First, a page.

One of the leaders of last year's academic boycott of Israel attacked Oxford University this week for meting out a "wholly disproportionate punishment" to a professor who rejected a student who had served in the Israeli army, writes Phil Baty.
Oxford confirmed this week that it had suspended pathology professor Andrew Wilkie for two months without pay - the harshest punishment available short of dismissal - after he told an Israeli PhD applicant in an email last summer that he would not supervise him.
Professor Wilkie will return to university duties in two months. But after the verdict he agreed to resign as a governor and fellow of Pembroke College, Oxford.
This week, Stephen Rose, the Jewish academic who founded the movement boycotting collaboration with Israeli institutions in protest at the Sharon government's policy on Palestine, said Oxford had overreacted.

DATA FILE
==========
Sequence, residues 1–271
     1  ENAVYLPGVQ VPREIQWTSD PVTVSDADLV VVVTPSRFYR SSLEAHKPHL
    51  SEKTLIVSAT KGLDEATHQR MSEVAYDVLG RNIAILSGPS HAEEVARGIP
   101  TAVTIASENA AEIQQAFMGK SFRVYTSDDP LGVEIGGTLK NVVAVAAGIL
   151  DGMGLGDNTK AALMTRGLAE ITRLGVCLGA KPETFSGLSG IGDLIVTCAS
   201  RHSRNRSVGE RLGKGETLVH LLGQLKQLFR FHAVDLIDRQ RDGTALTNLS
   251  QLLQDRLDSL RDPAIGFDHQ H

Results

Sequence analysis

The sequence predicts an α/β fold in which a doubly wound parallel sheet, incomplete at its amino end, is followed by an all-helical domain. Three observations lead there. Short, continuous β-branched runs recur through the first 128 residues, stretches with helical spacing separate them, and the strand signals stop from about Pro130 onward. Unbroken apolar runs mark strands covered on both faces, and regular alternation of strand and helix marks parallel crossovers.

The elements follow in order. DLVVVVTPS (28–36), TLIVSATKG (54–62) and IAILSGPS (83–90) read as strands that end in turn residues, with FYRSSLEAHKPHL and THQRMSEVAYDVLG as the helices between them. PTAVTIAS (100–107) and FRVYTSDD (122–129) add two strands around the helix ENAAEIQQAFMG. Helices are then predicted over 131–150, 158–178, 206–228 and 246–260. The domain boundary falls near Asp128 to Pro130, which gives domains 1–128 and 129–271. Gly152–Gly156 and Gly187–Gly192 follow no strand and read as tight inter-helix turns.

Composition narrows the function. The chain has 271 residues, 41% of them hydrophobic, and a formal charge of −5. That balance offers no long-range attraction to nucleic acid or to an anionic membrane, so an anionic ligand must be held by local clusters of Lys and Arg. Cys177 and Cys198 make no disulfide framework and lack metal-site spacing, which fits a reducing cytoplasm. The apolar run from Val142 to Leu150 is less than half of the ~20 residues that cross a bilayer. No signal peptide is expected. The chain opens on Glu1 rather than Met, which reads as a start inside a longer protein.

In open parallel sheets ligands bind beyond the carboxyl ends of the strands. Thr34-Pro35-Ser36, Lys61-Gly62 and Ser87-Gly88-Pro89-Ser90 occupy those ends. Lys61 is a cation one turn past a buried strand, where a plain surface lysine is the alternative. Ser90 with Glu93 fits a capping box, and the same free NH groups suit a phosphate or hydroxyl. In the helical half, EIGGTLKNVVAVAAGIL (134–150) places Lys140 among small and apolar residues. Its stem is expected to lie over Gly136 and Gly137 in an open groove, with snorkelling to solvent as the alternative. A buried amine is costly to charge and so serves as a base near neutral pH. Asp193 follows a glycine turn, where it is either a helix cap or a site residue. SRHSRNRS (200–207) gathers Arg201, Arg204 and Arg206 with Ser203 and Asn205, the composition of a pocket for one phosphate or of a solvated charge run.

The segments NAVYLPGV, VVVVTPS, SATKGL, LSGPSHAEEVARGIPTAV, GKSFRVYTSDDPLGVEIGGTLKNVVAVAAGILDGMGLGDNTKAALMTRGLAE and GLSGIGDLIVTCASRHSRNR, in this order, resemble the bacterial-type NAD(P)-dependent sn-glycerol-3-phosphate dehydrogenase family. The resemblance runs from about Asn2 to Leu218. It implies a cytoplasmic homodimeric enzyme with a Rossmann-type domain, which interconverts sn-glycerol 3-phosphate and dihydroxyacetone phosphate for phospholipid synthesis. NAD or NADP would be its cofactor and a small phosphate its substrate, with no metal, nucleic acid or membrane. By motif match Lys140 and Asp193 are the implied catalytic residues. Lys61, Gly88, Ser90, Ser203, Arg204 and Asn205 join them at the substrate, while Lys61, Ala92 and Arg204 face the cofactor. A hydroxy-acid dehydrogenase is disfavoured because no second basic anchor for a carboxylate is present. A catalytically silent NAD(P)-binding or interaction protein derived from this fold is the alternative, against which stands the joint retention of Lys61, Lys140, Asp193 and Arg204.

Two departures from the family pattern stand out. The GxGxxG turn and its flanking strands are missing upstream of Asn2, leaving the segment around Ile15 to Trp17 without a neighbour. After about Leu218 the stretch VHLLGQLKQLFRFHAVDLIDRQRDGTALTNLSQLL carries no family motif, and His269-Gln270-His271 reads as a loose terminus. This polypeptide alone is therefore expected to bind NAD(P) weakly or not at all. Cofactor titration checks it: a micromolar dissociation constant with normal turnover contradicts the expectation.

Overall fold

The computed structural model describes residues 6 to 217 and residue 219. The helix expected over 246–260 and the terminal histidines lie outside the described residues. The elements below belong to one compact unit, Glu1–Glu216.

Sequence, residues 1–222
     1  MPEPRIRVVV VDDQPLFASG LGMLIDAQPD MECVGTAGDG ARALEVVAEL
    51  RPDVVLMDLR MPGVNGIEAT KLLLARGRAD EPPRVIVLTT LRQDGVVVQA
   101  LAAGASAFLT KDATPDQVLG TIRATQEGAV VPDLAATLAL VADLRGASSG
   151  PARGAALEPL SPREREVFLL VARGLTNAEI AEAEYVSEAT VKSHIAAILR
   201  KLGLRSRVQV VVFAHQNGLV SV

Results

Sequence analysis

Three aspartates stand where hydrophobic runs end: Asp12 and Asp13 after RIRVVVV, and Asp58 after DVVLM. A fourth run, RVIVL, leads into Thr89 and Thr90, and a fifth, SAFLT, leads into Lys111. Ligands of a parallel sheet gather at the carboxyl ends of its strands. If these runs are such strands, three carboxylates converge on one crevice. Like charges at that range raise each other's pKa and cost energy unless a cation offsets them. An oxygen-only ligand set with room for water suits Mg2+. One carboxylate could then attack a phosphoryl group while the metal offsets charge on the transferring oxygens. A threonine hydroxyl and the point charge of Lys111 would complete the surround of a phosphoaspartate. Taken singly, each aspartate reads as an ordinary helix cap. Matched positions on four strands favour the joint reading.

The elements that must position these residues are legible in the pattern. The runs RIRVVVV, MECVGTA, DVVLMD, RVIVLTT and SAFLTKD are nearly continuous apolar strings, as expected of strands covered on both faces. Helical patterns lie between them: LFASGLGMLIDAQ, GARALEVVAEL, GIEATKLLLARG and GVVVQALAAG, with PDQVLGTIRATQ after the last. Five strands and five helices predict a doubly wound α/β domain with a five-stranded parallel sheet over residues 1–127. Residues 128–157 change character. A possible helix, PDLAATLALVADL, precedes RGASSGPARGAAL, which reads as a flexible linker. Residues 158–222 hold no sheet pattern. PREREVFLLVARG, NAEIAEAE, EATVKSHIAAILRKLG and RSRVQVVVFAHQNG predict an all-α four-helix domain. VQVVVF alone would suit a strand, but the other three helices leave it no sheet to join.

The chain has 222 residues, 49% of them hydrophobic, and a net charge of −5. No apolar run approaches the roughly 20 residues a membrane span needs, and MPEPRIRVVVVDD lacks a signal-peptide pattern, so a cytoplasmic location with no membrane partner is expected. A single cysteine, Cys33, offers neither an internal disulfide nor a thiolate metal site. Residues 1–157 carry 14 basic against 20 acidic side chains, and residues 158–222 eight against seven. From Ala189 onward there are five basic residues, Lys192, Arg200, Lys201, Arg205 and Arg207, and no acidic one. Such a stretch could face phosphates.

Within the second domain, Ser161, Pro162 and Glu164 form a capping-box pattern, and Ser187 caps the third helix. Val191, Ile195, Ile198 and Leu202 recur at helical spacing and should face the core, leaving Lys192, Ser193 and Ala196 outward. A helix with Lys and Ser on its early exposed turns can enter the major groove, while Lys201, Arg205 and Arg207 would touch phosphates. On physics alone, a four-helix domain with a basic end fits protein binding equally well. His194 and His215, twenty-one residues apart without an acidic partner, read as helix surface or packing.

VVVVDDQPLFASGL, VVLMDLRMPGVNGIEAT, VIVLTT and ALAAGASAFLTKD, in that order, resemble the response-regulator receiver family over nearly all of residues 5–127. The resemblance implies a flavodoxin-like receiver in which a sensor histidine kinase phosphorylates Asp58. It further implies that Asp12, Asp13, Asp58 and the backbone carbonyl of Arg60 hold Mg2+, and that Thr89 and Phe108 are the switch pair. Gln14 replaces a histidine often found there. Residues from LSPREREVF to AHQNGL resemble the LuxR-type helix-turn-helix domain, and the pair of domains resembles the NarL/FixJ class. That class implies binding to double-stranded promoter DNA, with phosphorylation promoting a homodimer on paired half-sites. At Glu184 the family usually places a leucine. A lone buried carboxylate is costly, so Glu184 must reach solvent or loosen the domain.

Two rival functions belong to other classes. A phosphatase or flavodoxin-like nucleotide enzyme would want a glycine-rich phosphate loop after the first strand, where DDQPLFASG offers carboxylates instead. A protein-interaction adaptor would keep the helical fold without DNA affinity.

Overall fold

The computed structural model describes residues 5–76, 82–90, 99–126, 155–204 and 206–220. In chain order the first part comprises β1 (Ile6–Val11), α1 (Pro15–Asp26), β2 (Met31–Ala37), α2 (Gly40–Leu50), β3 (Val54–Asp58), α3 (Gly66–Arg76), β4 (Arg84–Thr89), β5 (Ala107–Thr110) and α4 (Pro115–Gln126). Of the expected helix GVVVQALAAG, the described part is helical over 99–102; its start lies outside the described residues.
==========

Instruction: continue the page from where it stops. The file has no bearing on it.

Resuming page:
Professor Rose, based at the Open University, said: "Andrew Wilkie clearly spoke from a passionate conviction and while I can't condone what he did I can understand it in the context of the horrific abrogation of academic freedom of Palestinians by Israel.
"He immediately apologised for his remarks, so this step by Oxford is a wholly disproportionate punishment in the context."
Professor Rose said Professor Wilkie's action went beyond his initial call for a moratorium of research links with any Israeli institution.
Professor Wilkie's leaked email to Amit Duvshani of Tel Aviv University said: "I am sure that you are perfectly nice on a personal level but no way would I take somebody who has served in the Israeli army."
When the email reached the media, Professor Wilkie immediately apologised and explained his action was "caused by a too personal and emotional response to the situation in Israel".
A statement agreed between Oxford and Professor Wilkie said: "This ruling reflects that there can be no place for any form of discrimination within the university other than on the grounds of merit. Professor Wilkie accepts the gravity of the situation and is determined to make full use of training to ensure that his actions and those of his staff reflect best practice in future."